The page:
In the same way, Walton et al.  concluded that heparin has a synergistic effect with cytokine interleukin 11 (IL-11), which leads to increased osteoclast formation and activity.
Moreover, Folwarzna et al.  showed that the effects of standard heparin and all investigated LMWHs (Nadroparin, Enoxaparin, Dalteparin, Parnaparin) on osteoclast formation follow similar patterns. All heparins (standard and LMWHs) was proved to influence the formation of osteoclasts in two directions. At lower concentrations tended to increase the osteoclast formation, whereas at the highest concentrations they tended to decrease or did not affect the osteoclast formation.
Studies Concerned LMWHs and Bone Metabolism
There is a consensus from a number of studies that both heparin and LMWH affect bone metabolism especially bone density and weaken the biomechanical properties of bone (Table 5).
Nishiyama et al.  studied the effects of heparin and dalteparin on bone metabolism in rats. They injected intravenous heparin and dalteparin in rats for 28 days. After this period in the heparin treated group observed significant loss of bone weight and mineral contents (calcium, phosphorous). On the other side, the rats treated with dalteparin slightly reduced bone mass. They also observed that in the heparin treated group 7 out of 8 rats had fractures on femora while at the dalteparin group no rat femur had broken. In conclusion, the study shown that dalteparin produce a weaker effect on bone resorption and formation compared with heparin.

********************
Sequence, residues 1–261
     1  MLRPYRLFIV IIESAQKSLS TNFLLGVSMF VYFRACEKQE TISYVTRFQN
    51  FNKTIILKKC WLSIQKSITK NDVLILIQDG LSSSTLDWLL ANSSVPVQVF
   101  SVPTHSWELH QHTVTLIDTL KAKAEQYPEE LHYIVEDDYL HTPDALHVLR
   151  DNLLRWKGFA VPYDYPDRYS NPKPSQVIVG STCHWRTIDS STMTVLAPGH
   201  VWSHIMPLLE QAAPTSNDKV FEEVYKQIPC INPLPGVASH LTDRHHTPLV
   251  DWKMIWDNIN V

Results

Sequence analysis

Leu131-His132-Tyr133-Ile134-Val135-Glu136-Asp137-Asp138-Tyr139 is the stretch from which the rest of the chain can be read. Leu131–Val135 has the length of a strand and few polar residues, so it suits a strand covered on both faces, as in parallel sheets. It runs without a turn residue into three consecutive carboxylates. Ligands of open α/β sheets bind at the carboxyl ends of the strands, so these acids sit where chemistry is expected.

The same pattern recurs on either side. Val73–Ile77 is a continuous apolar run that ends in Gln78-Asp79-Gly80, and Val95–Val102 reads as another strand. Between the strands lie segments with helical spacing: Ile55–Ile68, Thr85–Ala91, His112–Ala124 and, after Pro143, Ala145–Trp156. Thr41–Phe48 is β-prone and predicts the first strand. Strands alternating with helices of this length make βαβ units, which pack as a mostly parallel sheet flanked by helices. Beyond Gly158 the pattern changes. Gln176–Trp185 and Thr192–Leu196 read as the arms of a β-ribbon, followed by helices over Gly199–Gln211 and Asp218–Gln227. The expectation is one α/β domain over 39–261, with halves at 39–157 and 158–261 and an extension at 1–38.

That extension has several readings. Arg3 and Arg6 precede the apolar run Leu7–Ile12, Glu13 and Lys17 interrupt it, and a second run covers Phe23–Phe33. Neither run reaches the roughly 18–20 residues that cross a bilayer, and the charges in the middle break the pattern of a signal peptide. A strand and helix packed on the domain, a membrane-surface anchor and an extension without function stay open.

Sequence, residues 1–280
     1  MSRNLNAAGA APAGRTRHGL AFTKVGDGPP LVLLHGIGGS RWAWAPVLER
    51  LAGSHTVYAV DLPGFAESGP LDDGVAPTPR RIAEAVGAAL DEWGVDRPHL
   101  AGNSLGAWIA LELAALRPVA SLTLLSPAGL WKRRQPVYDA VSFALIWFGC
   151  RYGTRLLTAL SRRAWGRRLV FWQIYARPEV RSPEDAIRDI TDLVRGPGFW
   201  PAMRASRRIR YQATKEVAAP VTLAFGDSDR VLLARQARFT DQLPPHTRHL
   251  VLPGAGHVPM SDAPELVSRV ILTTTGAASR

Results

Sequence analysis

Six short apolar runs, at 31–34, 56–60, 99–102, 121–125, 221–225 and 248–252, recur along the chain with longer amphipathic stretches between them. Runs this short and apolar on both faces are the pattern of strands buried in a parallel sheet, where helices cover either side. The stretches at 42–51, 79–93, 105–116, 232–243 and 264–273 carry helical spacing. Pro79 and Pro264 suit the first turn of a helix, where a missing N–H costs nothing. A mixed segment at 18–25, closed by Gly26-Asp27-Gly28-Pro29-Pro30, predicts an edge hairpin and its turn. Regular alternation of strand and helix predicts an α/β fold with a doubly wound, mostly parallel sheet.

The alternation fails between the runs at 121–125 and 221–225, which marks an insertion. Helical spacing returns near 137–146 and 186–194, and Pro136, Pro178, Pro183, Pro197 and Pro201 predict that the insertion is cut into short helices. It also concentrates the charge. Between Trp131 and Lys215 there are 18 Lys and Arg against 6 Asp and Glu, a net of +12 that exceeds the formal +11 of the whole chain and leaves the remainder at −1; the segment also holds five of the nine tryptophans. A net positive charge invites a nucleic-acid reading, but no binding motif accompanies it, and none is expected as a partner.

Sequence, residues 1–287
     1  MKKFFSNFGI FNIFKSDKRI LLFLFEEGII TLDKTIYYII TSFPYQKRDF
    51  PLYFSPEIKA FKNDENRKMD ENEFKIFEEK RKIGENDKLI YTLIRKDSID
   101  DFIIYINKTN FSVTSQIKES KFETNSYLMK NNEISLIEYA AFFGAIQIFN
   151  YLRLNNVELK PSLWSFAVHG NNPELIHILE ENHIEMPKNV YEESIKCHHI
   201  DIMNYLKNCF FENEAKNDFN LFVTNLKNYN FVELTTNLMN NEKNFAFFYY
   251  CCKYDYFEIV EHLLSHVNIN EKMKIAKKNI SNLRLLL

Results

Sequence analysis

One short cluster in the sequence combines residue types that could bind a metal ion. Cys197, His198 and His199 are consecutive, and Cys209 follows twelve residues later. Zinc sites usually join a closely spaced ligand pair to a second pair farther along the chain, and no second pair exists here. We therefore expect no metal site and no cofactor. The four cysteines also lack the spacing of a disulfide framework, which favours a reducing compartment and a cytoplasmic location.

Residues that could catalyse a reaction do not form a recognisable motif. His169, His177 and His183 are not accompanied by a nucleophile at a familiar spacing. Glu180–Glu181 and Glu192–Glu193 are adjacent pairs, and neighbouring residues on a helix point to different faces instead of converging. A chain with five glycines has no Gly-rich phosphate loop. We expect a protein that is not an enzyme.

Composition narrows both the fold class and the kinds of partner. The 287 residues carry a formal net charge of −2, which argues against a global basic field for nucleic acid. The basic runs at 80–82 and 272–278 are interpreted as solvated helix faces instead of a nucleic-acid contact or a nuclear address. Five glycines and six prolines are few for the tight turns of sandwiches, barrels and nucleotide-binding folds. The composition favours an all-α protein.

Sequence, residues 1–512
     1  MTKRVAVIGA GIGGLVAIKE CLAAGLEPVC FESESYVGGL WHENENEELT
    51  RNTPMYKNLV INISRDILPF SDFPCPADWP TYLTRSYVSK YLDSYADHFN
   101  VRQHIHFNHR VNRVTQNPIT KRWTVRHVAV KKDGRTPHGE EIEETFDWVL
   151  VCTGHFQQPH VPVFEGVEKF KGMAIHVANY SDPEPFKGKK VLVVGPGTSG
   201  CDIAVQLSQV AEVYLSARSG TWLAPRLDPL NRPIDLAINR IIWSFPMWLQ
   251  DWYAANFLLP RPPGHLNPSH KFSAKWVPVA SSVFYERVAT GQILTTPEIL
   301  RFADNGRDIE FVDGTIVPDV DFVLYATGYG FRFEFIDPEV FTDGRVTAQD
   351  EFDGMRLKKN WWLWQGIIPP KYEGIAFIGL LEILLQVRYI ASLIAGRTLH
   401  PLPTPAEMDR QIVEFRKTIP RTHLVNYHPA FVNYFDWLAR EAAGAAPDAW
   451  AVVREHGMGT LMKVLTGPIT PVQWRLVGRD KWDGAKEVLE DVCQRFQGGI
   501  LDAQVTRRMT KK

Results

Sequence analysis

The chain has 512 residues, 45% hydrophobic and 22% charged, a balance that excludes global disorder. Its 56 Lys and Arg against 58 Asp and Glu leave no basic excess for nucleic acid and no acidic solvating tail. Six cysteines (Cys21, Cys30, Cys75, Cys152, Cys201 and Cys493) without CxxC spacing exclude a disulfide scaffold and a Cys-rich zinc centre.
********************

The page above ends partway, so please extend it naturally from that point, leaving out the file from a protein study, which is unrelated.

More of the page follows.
Shaugnessy G et al.  adapted a reproducible experimental model to quantify heparin- induced calcium loss from bone. They determined that both size and degree of sulfation were the major factors of heparin’s ability to affect bone resorption. Heparin seems to stimulate collagen synthesis in osteoblast cultures . Moreover, heparin has a synergistic effect with PTH, stimulating bone resorption in organ cultures and interacts with unknown serum factors to stimulate bone resorption by disaggregated osteoclasts. They found that LMWHs produced significantly less calcium loss than UFH and proposed that the use of LMWHs instead of UFH reduce the risk of heparin- induced osteoporosis.